“Needed?” He shook his head. “I’m the junior healer, and there are plenty of young faces waiting to replace me. Anyhow, it’s not assured. They want to pick from a group of candidates.” He slid forward, catching my hands. “I want you to come stand with me, Verel. For support, and maybe…” He hesitated.

It was foolish, but the little catch in his voice turned everything the other way around. He wanted me with him, and a journey into the unknown with a good friend–never mind more–was less daunting, even conceivable. As long as they let me cook, and who knew what arcane ingredients and obscure techniques the visitors might use for their food?

“Of course I will,” I said. Meanwhile, a portion of my brain wondered how long I could hold onto him before he noticed. I waited until the last to free my hands.

“Thank you,” he said. “I’ll feel better with someone I can trust at my side. Not so inclined to run away, maybe.” His smile was sheepish.

He was trying to make a joke, but he was anxious. “I will be there for you,” I said firmly. “Even if you run.”

He laughed. “With a show of confidence like that, Verel,” he said. “What could go wrong?”

The next morning, after a hectic breakfast, I hurried into the royal gardens. It was the pride of the kingdom, waterfalls of blossoming vines tumbling into lush beds. I hid myself behind a clump of rosebushes as the queen took the visitors on a tour. Clad in a velvet gown and with a silver circlet perched upon her brow, she carried herself with an air of majesty that paled next to the visitors.

Their skin was pale and soft, their forms–while human in shape–as thin and delicate as crystal. Their voices rang like bells and echoed inside my head. I wondered if they were speaking or somehow projecting their thoughts. They wore sleek white robes, but the whispers I heard among the servants indicated this was not the fashion of their kind. Perhaps they typically wore nothing.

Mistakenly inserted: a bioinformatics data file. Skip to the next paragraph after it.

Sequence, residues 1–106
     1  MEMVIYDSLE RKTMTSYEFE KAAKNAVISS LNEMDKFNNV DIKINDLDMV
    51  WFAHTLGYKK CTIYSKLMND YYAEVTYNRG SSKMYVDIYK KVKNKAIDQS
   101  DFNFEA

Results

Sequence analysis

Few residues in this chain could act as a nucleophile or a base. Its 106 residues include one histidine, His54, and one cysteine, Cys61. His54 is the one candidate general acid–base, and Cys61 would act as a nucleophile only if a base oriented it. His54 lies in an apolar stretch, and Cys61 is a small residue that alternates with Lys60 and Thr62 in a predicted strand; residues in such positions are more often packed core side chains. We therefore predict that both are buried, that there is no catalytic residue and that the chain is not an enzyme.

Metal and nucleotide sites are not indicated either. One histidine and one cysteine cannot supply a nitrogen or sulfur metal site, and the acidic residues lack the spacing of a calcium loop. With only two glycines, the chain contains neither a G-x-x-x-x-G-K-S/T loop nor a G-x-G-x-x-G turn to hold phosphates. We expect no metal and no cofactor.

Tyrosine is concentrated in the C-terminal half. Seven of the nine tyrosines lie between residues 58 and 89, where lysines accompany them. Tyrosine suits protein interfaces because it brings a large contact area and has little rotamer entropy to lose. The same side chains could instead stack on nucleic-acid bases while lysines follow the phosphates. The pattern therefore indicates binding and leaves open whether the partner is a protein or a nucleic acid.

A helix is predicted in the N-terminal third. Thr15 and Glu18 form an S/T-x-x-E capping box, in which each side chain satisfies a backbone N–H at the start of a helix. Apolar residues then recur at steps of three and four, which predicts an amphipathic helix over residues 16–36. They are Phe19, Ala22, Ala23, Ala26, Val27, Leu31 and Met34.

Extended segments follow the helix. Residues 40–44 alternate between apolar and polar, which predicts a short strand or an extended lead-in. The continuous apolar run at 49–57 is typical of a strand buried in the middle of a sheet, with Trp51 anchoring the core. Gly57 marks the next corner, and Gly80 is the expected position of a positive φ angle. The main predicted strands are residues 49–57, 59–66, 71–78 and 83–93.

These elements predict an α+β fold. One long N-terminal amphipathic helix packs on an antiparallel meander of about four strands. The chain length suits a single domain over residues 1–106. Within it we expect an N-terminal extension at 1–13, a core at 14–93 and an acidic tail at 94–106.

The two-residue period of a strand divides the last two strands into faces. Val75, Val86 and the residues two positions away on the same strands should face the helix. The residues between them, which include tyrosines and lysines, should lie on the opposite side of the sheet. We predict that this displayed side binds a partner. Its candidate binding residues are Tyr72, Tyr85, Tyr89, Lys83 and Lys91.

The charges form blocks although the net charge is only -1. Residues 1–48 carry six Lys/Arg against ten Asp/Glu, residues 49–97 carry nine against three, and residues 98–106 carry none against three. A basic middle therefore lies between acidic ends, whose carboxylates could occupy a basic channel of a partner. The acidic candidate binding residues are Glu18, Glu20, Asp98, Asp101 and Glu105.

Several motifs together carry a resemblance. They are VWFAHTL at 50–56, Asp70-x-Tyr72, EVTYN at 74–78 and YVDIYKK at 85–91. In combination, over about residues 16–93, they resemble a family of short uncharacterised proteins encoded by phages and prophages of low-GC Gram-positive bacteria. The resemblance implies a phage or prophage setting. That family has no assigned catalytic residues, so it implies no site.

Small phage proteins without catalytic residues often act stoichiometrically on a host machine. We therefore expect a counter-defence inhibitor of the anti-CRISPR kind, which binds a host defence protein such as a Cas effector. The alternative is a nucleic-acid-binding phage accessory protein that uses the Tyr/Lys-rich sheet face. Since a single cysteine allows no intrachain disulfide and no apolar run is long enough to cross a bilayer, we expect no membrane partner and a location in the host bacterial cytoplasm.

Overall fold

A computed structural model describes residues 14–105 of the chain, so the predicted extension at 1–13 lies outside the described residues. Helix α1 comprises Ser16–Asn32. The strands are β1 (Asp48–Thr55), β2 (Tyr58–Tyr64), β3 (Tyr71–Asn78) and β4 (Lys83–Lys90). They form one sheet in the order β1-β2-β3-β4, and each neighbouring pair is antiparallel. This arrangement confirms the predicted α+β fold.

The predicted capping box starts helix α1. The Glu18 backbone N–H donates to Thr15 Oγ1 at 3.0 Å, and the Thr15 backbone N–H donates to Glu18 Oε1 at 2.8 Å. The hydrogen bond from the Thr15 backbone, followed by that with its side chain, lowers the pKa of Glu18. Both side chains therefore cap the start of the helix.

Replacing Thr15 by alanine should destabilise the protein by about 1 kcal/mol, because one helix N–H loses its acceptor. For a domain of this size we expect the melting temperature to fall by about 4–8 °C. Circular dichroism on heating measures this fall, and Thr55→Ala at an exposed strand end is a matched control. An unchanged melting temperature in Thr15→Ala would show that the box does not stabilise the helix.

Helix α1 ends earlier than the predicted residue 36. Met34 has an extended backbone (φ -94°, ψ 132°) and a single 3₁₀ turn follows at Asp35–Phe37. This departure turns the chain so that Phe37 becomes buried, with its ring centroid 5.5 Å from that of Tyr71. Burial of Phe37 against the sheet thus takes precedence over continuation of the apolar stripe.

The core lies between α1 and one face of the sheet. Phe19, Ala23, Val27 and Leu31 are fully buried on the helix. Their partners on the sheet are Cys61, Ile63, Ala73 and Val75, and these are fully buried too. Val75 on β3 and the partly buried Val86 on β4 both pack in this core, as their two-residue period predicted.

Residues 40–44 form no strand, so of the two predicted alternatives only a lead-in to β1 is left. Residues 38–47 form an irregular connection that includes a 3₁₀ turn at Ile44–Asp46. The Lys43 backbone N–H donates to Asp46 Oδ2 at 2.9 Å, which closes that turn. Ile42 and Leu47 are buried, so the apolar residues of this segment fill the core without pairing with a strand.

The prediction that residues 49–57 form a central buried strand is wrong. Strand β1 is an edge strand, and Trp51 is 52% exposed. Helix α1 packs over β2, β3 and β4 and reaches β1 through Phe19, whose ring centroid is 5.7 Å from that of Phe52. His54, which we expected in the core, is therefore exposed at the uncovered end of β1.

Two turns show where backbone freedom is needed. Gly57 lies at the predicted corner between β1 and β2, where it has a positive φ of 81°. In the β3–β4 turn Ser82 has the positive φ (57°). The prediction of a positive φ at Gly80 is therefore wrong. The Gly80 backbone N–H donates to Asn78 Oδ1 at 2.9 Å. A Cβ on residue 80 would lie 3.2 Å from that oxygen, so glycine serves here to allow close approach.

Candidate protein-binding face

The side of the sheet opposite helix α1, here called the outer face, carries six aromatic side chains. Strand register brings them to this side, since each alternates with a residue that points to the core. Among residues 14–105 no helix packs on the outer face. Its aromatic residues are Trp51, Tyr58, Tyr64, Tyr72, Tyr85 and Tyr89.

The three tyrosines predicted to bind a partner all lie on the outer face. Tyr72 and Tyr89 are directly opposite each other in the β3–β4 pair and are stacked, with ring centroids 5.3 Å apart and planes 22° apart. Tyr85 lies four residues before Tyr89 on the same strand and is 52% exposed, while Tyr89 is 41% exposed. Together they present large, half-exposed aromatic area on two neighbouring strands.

The five visitors glided along in the queen’s wake. One seemed to be in charge; when he spoke or gestured, the others halted. I strained to overhear, but the only dialogue I caught was about the perfume of the flowers.

The smallest visitor turned her head in my direction. I jerked backwards into the bushes, cursing as my hand scraped on a thorn. I felt childish–but these beings seemed so ancient, how could one not be a child? To play at their feet seemed natural.

I withdrew, sucking at the line of blood on my hand. For as long as I could remember, we had seen signs of them: dancing lights on the horizon, intricate circles left in field and forest. Their only contact had been occasional abductions of our people. Now that they had shown themselves, there were more questions than answers–questions as basic as whether their kind had women and men. By appearance, they were neither, or perhaps I didn’t know what to look for.

As I approached the whiteblossom trellises at the garden gate, I saw Delin leaning against them. He huffed out a sigh. “Morning, Verel.”

“Everything all right?” I asked.

“Guard had a training accident this morning–patched up now. Messy, though.” He looked at me and smirked. “You’re bleeding. Your cooks are supposed to supply dye for the cake, not you.”